One of the most useful outputs available in the Geospatial Forestry Platform are the NDVI images that are derived from satellite imagery. But what is NDVI? This abbreviation stands for Normalised Difference Vegetation Index, and it is a measure of photosynthetic activity in vegetation. Simply put, it is a measure of how well a plant is growing.
How does it work?
NDVI is based on the way vegetation responds to two specific bands in the electromagnetic spectrum, namely the Red band (in the visible light portion of the spectrum), and the Near-Infrared band (just beyond the visible spectrum, so that it is not visible to the human eye).
Chlorophyll, a pigment in the leaves of vegetation, absorbs energy from the Red band, but very strongly reflects energy from the Near-Infrared band. Therefore, the more chlorophyll present in the leaves, the more actively a plant is growing, and the more strongly these absorption/reflection characteristics occur. This phenomenon allows optical satellite sensors to record this interaction to derive NDVI imagery.
How is NDVI measured?
NDVI is calculated as the ratio of Red and Near-infrared values, using the formula:
NDVI = (NIR —Red)/(NIR + Red)
The derived values for this ratio lie between -1 and +1, where the higher the value, the more actively the plant is growing, or healthy, i.e., low values indicated problems in growth, while higher values indicate good growth.
While there are no absolute values that can be assigned to these ratio outputs, the following can be used as a guide in interpreting NDVI values:
-1 – 0
No vegetation or dead vegetation
0 – 0.33
0.33 – 0.66
Moderately healthy vegetation
0.66 – 1.0
Very healthy vegetation
Limitations of NDVI
While NDVI is a recognised measure of plant health and growth, and is very widely applied, it does have limitations that need to be taken into account when using this technique.
NDVI outputs are directly related to the raw values within an individual image, and these values are affected by several factors, such as atmospheric conditions, which alter the raw image values, such that different values can be recorded over the same scene, even if nothing has changed on the ground. Therefore, NDVI values acquired at different times are not directly comparable, unless measures such as atmospheric corrections have been first applied to the imagery, prior to NDVI being calculated.
NDVI also tends to become “saturated”, i.e. the ratio values peak at a certain point and can no longer record differences in the ratio values. This occurs when vegetation growth is very heavy or dense and so NDVI tends to be less useful under these conditions, i.e. it cannot detect variation in growth patterns between very dense or strongly growing vegetation.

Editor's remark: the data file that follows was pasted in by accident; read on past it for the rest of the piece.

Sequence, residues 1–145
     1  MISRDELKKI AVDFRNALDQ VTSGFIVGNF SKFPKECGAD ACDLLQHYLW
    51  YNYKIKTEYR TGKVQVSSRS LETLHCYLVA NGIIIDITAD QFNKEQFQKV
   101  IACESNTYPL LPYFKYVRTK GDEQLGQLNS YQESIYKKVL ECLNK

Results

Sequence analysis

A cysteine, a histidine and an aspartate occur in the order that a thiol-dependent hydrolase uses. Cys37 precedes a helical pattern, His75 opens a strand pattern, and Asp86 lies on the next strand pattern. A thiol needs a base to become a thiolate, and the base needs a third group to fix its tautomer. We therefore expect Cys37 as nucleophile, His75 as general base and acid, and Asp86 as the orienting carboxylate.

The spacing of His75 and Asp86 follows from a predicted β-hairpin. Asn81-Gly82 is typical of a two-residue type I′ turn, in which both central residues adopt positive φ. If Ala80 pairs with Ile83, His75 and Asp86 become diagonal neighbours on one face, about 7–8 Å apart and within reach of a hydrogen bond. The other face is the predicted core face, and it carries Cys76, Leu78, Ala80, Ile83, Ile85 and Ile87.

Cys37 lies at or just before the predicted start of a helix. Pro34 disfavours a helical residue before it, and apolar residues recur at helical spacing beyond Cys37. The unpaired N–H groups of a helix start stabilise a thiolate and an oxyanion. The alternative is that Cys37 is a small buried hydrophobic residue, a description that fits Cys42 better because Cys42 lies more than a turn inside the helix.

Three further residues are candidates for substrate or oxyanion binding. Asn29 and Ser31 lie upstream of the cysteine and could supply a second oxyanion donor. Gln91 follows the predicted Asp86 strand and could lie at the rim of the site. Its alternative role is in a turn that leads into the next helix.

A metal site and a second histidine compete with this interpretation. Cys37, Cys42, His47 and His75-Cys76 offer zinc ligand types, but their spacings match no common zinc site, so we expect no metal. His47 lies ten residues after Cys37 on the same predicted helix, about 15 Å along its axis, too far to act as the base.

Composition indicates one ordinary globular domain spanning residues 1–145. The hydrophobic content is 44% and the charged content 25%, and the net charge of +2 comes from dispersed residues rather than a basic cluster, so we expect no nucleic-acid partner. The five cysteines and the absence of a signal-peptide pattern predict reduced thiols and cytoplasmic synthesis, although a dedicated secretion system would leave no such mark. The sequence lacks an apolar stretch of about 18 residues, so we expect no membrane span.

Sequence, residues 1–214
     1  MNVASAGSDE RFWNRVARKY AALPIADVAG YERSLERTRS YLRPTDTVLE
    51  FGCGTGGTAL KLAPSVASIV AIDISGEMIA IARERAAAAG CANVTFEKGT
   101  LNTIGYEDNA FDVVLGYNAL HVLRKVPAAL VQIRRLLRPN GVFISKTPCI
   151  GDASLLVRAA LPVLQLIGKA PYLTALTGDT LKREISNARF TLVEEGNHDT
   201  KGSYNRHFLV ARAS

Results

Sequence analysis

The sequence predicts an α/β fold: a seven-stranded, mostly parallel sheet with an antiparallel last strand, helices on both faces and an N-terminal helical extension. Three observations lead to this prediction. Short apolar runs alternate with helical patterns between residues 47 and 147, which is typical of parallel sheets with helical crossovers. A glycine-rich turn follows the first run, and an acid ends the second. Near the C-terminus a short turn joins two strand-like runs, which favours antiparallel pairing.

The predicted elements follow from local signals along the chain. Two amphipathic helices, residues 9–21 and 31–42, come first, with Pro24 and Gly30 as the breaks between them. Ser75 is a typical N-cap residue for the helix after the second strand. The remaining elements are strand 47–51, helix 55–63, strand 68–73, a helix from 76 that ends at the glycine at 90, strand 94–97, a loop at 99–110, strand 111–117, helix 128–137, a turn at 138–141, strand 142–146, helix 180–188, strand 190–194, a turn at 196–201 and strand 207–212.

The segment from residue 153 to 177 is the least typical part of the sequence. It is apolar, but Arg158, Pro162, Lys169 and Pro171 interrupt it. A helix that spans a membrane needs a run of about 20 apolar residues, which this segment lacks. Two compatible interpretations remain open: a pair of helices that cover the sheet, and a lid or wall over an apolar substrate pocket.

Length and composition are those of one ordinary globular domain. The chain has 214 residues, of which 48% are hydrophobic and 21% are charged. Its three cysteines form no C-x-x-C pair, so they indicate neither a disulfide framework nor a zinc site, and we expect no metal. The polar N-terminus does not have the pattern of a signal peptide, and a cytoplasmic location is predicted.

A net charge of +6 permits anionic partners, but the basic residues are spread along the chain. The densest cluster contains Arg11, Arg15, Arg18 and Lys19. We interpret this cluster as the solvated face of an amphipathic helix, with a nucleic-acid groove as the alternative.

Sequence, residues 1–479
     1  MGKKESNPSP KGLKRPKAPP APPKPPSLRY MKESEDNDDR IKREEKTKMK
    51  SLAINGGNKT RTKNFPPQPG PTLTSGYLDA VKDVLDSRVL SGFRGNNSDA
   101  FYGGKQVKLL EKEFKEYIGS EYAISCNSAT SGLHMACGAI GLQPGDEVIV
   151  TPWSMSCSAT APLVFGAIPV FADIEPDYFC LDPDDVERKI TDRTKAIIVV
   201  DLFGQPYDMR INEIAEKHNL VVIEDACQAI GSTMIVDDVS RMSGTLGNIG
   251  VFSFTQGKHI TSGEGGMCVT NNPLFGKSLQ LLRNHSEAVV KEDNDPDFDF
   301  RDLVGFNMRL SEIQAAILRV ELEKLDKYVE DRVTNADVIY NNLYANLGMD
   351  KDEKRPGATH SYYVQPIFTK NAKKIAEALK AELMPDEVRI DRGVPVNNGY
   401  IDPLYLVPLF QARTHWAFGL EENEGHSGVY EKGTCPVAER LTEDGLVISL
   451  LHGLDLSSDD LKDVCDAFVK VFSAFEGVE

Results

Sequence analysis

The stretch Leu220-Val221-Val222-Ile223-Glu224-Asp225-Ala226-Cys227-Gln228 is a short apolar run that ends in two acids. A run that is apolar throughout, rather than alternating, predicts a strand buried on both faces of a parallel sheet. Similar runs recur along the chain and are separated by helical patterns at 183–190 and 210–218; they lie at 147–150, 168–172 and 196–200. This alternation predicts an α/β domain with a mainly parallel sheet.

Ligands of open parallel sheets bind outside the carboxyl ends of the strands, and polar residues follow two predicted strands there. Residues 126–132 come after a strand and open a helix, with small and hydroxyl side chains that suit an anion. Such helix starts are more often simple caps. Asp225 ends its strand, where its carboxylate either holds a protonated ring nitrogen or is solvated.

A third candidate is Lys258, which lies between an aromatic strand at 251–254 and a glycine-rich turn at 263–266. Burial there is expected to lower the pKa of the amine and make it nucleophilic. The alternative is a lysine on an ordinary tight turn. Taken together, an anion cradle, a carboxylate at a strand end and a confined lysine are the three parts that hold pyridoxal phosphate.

Applications of NDVI
NDVI is a very useful indicator of vegetation health and can highlight different growth conditions across a forest stand or agricultural field. It can pin-point areas of concern where growth is not what it should be, is a good indicator of possible drought conditions and can be used to monitor crop condition over a normal growth cycle, from emergence through active growth to senesce or harvest states. It is also used as an indicator of biomass. Although it is only one of many similar vegetation indices that can be applied to monitor vegetation state, it is certainly the most widely used. Sudden drops in NDVI values (especially to values around 0) between consecutive images can indicate loss of vegetation through harvesting activities, fire damage or other catastrophic events.
When applied, with an understanding of its limitations, it is an extremely useful tool for users needing to monitor vegetation.
Dr Mark Norris-Rogers (PhD) PrGIScP
Having originally trained as a Forester, and spending over 10 years in forest management, Mark subsequently specialized in GIS and Remote Sensing, and has over 25 years’ experience in this field. He has a keen interest in applying spatial technologies to provide integrated forest management information for the Forest Managers.
Mark has considerable experience in applying Remote Sensing technologies, such as optical, Radar and Lidar, into forest planning and management. This has included applying Lidar technology to Enhanced Forest Inventory systems which have greatly enhanced the effectiveness of clients’ management plans and operations. Mark provides specialist Remote Sensing and GIS skills to several South African, Canadian and UK companies involved in forestry and natural resources management.
Apart from his forestry qualifications (Diploma in Forestry; NHD Forestry), Mark has a BA Hons in GIS and a PhD in Environmental Science, where his research involved monitoring forestry operations using medium and high-resolution satellite imagery. He is a registered Professional G.I. Science Practitioner with the South African Geomatics Council. Mark has also co-authored several papers in international journals and presented papers at various international conferences.